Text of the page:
An Oakland, California company is offering to help customers cancel their Comcast service for $5, a not-so-subtle counterpoint to customer service horror stories at the hands of the cable giant.
Airpaper takes your information through a form on the Internet. Then, it does the work of canceling the service for you.
The company helps customers avoid what corporations have called the retention department, where customer service workers are often empowered to offer discounts to people thinking of cutting the cord.
“It’s difficult and time consuming because Comcast wants to make it difficult and time consuming,” said Eli Pollak, a founder of AirPaper.
The idea came to the company after the other co-founder Earl St Sauver tried to cancel his service because he was leaving the country.
He was on the phone for a half hour, Pollak said.
But St Sauver isn’t the only one who has had difficulty. The cable giant was forced to apologize last year after a tech journalist posted a phone call with a Comcast retention specialist who kept him on the phone for 20 minutes, asking him to explain why he wanted to cancel.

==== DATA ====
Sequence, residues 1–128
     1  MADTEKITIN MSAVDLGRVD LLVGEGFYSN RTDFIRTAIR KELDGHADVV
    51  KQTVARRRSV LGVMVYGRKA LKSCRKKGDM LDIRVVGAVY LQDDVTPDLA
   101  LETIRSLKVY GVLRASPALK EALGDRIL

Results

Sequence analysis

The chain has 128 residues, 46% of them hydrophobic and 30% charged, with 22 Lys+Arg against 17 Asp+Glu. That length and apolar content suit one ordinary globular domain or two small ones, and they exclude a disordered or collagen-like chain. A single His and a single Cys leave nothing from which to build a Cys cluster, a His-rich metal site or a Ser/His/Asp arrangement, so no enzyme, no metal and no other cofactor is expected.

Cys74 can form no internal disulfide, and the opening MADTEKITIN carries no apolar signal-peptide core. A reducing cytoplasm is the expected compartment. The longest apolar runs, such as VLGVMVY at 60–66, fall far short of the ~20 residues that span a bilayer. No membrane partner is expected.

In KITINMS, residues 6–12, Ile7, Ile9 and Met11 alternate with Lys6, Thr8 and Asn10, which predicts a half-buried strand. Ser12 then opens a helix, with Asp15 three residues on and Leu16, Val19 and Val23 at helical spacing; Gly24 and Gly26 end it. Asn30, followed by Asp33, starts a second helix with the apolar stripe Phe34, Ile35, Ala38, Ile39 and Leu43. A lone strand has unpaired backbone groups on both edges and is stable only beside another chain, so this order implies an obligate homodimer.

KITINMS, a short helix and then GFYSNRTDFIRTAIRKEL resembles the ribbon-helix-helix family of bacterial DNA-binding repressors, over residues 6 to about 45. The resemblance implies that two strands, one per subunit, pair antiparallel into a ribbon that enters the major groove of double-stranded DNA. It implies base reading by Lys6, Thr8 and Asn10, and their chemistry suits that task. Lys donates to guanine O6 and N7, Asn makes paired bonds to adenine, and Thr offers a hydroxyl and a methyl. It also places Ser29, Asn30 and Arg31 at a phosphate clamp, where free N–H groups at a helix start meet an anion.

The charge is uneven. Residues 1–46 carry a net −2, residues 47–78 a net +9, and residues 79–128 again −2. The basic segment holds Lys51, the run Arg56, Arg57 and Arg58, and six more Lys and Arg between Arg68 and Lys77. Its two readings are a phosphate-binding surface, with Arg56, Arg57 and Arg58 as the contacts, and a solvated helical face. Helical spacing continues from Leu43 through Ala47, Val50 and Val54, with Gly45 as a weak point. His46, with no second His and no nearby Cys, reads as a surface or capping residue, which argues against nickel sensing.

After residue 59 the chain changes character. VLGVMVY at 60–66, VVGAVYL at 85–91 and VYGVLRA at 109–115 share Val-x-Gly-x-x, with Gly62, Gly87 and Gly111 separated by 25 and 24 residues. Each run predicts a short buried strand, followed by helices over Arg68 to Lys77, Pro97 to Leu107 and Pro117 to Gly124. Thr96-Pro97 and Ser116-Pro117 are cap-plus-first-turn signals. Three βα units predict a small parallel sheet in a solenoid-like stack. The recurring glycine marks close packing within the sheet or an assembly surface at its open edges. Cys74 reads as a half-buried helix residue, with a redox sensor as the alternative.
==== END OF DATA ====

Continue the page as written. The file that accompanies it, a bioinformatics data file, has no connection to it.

The big question: How does the company do it? If ending your love-hate relationship with your cable company takes 20 or 30 minutes on the phone, how does the company make money at $5? Overseas calls centers, perhaps?
The answer: they don’t use phones. They mail requests to the company using automated software and the U.S. Postal Service.
AirPaper bills itself as a aimed at making bureaucracy more pleasant, and until now they’ve tried to tackle problems closer to home — like getting parking permits and registering businesses in San Francisco.
“We understand why they do retention,” Pollak said, “but if customers are doing that angry and pissed off, maybe their doing that wrong.”
Comcast did not return a request for comment, but in May the firm pledged to hire 5,500 new customer service reps and gave a key executive wide ranging authority to fix the company’s relationship with customers.